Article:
#CreativeFriday – Applying graphics to 3D models

This post will show how to apply a graphic to a 3D object, regardless of the presence of a UV map or not. Applying a graphic to the model will use a technique called ‘Projection’. Projection will take the contents of a layer (above the model) and push the pixles to the surface of the model and place it into the texture layers.

This toy plane will be used in this demo, and will place graphics on the top of the wings.

Screen Shot 2015-09-24 at 21.17.02I don’t have any graphics handy, so i’m going to use Adobe Stock to find some. To do this, i’ve created a new library under the Photoshop Library panel, called Toy Plane Graphics.

Screen Shot 2015-09-24 at 21.18.03From within the Library panel (marked in red), you can select Adobe Stock (marked in blue), and the desktop apps will take you to the Adobe Stock website.

Screen Shot 2015-09-24 at 21.18.03 copyWe are going to search for ‘Plane Graphics’ and ‘Vectors’ and see what results come back.

After a few searches, a couple of options have been found

Screen Shot 2015-09-24 at 21.25.15It’s easy to select these for Preview or too license direct by selecting the appropraite option, you can also specify a target library at the same time.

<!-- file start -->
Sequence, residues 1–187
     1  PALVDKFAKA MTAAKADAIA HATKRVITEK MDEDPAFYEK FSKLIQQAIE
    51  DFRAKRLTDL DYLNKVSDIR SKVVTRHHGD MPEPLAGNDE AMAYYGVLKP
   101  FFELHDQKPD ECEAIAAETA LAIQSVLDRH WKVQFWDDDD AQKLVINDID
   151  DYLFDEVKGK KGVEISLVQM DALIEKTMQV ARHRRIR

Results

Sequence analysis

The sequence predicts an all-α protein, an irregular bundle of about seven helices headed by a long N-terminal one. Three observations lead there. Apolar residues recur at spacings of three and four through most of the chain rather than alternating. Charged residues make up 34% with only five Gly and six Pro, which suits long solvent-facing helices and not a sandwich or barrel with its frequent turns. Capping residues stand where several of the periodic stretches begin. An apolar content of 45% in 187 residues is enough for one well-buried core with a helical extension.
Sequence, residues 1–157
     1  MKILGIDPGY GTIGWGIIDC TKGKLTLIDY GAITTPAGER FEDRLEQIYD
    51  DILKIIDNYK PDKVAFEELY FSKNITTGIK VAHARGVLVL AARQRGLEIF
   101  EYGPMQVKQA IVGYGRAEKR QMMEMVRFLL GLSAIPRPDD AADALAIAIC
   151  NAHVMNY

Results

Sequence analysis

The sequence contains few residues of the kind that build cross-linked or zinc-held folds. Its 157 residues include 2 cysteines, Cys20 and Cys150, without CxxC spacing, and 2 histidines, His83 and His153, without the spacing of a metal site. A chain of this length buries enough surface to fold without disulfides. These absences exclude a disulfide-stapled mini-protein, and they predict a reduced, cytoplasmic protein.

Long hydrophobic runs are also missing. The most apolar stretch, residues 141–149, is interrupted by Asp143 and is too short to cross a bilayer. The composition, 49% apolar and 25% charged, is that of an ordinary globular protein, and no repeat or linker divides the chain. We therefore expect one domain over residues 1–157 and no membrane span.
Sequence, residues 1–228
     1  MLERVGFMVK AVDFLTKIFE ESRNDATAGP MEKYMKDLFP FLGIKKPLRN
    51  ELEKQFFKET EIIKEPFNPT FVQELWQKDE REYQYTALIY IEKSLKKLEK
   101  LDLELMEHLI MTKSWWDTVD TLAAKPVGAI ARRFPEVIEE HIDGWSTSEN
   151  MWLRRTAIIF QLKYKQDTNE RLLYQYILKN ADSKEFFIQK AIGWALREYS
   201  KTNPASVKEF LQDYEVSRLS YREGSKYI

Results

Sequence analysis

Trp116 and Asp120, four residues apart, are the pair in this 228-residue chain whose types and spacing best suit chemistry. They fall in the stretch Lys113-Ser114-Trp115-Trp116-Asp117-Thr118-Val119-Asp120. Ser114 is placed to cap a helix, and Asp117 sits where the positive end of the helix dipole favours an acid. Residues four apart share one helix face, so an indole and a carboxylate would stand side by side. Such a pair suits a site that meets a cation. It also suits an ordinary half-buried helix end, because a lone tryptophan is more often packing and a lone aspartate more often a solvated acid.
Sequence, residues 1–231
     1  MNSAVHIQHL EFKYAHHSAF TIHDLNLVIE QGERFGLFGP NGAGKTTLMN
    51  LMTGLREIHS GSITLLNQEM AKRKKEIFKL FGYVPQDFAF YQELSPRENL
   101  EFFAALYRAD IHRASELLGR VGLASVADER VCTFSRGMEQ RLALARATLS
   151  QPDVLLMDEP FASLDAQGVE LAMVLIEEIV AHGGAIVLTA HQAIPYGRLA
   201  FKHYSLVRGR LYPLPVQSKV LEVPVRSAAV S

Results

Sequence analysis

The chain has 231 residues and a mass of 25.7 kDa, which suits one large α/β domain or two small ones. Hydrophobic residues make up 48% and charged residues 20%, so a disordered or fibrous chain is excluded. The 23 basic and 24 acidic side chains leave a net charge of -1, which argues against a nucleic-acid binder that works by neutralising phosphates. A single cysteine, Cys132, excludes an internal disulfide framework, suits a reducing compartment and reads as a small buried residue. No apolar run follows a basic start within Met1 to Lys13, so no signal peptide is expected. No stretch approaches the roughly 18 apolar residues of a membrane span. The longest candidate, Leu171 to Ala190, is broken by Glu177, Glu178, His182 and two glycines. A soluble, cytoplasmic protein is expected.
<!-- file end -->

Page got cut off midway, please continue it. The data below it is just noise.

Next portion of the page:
Screen Shot 2015-09-24 at 21.35.25 copy

These two graphics are transferred to the Library panel in the desktop apps via the Creative Cloud Sync (part of the Creative Cloud Desktop application that you probably have on your computer).

Screen Shot 2015-09-24 at 21.35.59 For the projection method of transferring the graphics onto the texture to work, the cameras of the 3D viewport will need to see the target area. Also, projection will only place the graphics on the parts that the camera can see.

Re-orientating the plane can be done with the 3D secondary view (or by manually moving it with the 3D move tools). This panel will normally be shown when the 3D layer as well as the move tool are selected. But if it’s not shown, then it can be selected from the  toolbar menu option View/ Show / 3D Secondary view.

Screen Shot 2015-09-24 at 21.17.02 copy

The following panel should appear in the view port (top left)

Screen Shot 2015-09-24 at 22.06.24